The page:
JORDAN (SILDRA) VS. COMPENSATION TELERENT LEASING INCORPORATED , ET AL.Annotate this Case
RENDERED: OCTOBER 10, 2008; 2:00 P.M.
NOT TO BE PUBLISHED
Commonwealth of Kentucky
Court of Appeals
PETITION FOR REVIEW OF A DECISION
OF THE WORKERS’ COMPENSATION BOARD
ACTION NO. WC-02-01606
TELERENT LEASING INCORPORATED;
HON. GRANT S. ROARK, ADMINISTRATIVE
LAW JUDGE; WORKERS' COMPENSATION
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BEFORE: CLAYTON, NICKELL, AND TAYLOR, JUDGES.
CLAYTON, JUDGE: This is an appeal from a decision of the Workers’
Compensation Board (“Board”) affirming a decision of the Administrative Law
Judge (“ALJ”) dismissing the Appellant’s motion to reopen her case due to an
alleged worsening of her condition.
Appellant, Sildra Jordan, worked for Appellee, Telerent Leasing
Incorporated (“Telerent”) in Pineville, Kentucky. Telerent is an operation which
leases televisions to patients at local hospitals. Ms. Jordan collected lease
payments from and moved televisions for patients at Pineville Community
Hospital for Telerent.
Ms. Jordan was injured on February 24, 2002, when a patient kicked a
table into her while she was in the process of removing a television set from the
patient’s room. Ms. Jordan stated that she had a popping sensation at the base of
her neck at the time of the injury and that the pain radiated all the way down her
As a result of the injury, Ms. Jordan filed a workers’ compensation
claim. She asserted that the accident caused permanent injuries to her neck, back
and right shoulder. After a hearing, the ALJ awarded Ms. Jordan benefits based on
a finding of a five percent (5%) permanent whole body impairment. The ALJ did
not find that Ms. Jordan was incapable of returning to her work with Telerent.
On February 28, 2006, Ms. Jordan moved to reopen her claim based
on a worsening of her physical condition. She also claimed entitlement to an
increase in her permanent partial disability benefits and/or total disability. As part
of the reopening of the case, Ms. Jordan was examined by Dr. William Lester who
had originally diagnosed lumbar and cervical strain, as well as a rotator cuff
In the reopening of Ms. Jordan’s case, Dr. Lester performed a
comparison between her original medical records and those performed after her
award. Based upon his examination, Dr. Lester gave his opinion that there was no
change in Ms. Jordan’s impairment rating regarding her lumbar complaints. As to
her cervical issues, he also found that nothing would warrant a change in her
impairment rating in his opinion.
On April 19, 2007, a final hearing was held and on June 18, 2007, the
ALJ found that Ms. Jordan’s physical condition had not significantly worsened
since her original award and declined to award her any additional or increased
income benefits. Ms. Jordan appealed this finding to the Board which affirmed the
ALJ’s determination. Ms. Jordan has now brought her appeal with this Court.
STANDARD OF REVIEW
As a reviewing Court, we must decide, in light of the record, whether
the evidence is so overwhelming as to compel a finding in favor of the appellant.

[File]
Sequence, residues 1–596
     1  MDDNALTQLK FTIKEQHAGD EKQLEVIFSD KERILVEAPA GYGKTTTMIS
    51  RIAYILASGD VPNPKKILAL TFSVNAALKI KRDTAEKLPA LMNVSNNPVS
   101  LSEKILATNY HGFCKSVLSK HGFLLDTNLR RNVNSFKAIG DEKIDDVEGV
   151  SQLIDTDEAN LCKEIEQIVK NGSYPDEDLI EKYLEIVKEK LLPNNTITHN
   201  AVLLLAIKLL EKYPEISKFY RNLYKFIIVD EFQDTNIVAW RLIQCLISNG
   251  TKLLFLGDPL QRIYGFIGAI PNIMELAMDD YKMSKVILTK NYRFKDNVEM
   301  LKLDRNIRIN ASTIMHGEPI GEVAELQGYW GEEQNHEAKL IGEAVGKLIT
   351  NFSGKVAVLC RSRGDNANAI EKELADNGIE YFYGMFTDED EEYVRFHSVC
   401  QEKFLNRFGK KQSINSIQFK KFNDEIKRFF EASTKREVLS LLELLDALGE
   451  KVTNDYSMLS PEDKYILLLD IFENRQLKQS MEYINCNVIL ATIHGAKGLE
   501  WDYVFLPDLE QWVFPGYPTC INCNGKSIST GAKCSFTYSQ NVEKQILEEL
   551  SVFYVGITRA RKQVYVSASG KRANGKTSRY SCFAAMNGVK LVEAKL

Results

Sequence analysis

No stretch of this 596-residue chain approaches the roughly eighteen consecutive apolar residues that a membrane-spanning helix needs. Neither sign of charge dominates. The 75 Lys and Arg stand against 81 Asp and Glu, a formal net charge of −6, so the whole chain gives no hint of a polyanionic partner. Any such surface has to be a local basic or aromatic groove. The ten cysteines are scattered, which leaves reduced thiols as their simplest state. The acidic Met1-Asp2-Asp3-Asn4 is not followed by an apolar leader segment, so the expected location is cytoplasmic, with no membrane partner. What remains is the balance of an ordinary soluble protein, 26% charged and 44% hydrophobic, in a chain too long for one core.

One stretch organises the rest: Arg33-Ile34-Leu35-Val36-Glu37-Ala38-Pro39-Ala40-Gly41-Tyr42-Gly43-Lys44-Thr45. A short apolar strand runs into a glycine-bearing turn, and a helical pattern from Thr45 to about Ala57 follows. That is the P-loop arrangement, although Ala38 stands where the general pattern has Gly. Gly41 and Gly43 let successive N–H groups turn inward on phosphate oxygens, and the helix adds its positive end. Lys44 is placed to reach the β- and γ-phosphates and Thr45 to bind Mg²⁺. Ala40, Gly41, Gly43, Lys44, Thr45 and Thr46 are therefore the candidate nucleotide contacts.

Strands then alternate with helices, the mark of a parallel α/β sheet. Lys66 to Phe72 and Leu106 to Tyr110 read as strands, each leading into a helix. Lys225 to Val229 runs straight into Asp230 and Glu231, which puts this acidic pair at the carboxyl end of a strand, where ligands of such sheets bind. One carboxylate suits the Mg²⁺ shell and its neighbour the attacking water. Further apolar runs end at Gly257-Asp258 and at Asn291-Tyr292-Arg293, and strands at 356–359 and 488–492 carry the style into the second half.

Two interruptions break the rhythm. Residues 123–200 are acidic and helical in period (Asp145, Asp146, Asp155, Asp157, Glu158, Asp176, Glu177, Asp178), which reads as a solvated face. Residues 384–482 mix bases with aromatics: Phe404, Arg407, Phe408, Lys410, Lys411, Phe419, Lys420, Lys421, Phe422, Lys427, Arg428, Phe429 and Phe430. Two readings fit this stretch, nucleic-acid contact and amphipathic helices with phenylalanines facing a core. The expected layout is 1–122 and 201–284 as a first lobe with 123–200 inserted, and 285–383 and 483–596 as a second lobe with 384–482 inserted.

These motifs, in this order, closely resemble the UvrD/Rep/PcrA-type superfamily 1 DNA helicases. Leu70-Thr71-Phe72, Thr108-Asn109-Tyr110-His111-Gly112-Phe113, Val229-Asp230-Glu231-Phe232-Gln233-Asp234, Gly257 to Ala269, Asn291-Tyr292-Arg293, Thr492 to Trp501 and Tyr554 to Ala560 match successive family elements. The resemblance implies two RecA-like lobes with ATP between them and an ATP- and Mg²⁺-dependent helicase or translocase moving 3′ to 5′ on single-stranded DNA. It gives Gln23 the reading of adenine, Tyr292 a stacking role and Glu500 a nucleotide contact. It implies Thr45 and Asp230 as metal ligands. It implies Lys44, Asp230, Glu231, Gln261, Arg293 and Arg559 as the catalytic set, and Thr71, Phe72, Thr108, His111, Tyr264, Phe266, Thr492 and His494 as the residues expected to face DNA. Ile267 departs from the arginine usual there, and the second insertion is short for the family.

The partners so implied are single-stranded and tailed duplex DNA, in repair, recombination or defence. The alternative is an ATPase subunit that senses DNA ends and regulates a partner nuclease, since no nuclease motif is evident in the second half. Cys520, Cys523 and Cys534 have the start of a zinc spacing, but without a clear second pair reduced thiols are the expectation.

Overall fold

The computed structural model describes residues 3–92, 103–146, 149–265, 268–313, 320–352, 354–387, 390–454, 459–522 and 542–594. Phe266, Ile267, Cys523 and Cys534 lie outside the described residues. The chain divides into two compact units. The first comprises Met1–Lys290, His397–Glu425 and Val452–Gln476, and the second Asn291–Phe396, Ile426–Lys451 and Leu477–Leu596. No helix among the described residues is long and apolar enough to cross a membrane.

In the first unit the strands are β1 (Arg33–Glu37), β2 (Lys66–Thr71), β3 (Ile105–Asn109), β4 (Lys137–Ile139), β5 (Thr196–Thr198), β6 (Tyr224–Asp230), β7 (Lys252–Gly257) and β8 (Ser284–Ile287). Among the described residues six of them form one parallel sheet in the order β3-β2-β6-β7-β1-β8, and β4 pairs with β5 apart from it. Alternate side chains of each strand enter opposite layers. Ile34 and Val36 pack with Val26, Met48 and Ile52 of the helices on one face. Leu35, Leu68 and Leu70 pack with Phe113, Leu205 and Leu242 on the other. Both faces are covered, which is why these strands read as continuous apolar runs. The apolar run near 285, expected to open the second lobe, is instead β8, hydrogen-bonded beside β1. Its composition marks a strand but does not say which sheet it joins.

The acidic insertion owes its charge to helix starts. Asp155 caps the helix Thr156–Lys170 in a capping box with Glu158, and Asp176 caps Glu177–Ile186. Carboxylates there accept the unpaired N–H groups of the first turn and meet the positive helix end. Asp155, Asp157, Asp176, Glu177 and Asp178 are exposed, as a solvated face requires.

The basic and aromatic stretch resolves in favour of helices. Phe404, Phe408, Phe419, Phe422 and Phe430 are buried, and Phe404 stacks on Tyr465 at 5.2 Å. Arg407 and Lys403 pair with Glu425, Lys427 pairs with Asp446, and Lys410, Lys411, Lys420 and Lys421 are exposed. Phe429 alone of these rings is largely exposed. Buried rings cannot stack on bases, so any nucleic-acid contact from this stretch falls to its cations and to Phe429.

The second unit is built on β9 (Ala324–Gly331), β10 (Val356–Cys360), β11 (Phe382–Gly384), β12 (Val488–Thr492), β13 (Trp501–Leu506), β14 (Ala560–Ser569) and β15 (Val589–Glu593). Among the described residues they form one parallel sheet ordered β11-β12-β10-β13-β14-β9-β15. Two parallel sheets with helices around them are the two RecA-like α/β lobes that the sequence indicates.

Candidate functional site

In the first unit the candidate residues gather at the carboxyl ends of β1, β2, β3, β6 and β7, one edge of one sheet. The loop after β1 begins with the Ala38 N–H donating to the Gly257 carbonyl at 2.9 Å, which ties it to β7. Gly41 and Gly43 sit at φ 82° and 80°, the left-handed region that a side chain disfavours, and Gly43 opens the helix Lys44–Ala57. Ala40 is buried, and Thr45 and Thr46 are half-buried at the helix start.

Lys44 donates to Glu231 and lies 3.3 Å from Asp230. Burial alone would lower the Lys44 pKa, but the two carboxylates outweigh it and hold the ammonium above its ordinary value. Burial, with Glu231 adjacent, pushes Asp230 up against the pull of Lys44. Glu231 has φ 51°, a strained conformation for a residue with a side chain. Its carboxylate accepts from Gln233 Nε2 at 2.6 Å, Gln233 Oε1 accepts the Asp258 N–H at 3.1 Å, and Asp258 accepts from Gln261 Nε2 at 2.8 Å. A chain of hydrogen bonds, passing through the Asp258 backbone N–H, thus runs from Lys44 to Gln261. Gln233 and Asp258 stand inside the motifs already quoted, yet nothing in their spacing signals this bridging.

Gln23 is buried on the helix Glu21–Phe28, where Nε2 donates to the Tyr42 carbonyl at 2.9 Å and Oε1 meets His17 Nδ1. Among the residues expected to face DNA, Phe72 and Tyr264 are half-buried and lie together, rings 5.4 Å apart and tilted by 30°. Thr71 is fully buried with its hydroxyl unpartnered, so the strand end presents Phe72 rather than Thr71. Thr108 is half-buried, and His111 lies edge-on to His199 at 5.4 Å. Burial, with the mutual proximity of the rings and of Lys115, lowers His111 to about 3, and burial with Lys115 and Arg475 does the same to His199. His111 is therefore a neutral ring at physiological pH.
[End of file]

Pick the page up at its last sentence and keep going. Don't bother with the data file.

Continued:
Wolf Creek Collieries v. Crum, 673 S.W.2d 735 (Ky. App. 1984). When this Court
reviews a decision of the Board, its function is to correct the Board when we
believe it “has overlooked or misconstrued controlling statutes or precedent, or
committed an error in assessing the evidence so flagrant as to cause gross
injustice.” Western Baptist Hospital v. Kelly, 827 S.W.2d 685, 687-88 (Ky. 1992).
“It has long been the rule that the claimant bears the burden of proof
and the risk of nonpersuasion before the fact-finder with regard to every element of
a workers’ compensation claim,” Magic Coal Co. v. Fox, 19 S.W.3d 88, 96 (Ky.
2000). We recognize that it is within the broad discretion of the ALJ “to believe
part of the evidence and disbelieve other parts of the evidence whether it came
from the same witness or the same adversary party’s total proof.” Caudill v.
Maloney’s Discount Stores, 560 S.W.2d 15-16 (Ky. 1977).
Ms. Jordan argues on appeal that the Board erred in upholding the
ALJ’s decision. She contends that the opinion of her treating physician, Dr.
Valencia, is that her condition has worsened. She also asserts that the treating
physician, rather than one brought in as an expert witness, is in the best position to
make decisions regarding impairment.
An ALJ is in the best position to weigh the evidence of claims brought
before him. Paramount Foods, Inc. v. Burkhardt, 695 S.W.2d 418-19 (Ky. 1985).
As set forth above, reversal of an ALJ’s decision must be based on evidence so
overwhelming that no reasonable person could reach the decision that the ALJ did
in his findings. REO Mechanical v. Barnes, 691 S.W.2d 224, 226 (Ky. App.
Kentucky courts have specifically chosen not to have a “treating
physicians rule.” Wells v. Morris, 698 S.W.2d 321 (Ky. App. 1985). Of the
physicians who testified at the hearing, only Dr. Lester had observed Ms. Jordan
both at the time of her original injury and at the reopening due to a worsening
condition. As found by the Board, the ALJ acted within his authority in choosing
which of the physicians’ testimony was most credible. Paramount Foods, 695
S.W.2d at 418-19. There was sufficient evidence in the record to support the
ALJ’s finding that Ms. Jordan’s impairment had not worsened since her original
award. Thus, we will affirm the decision of the Board.
BRIEF FOR APPELLANT:
BRIEF FOR APPELLEE:
Susan Turner Landis
Patrick J. Murphy, II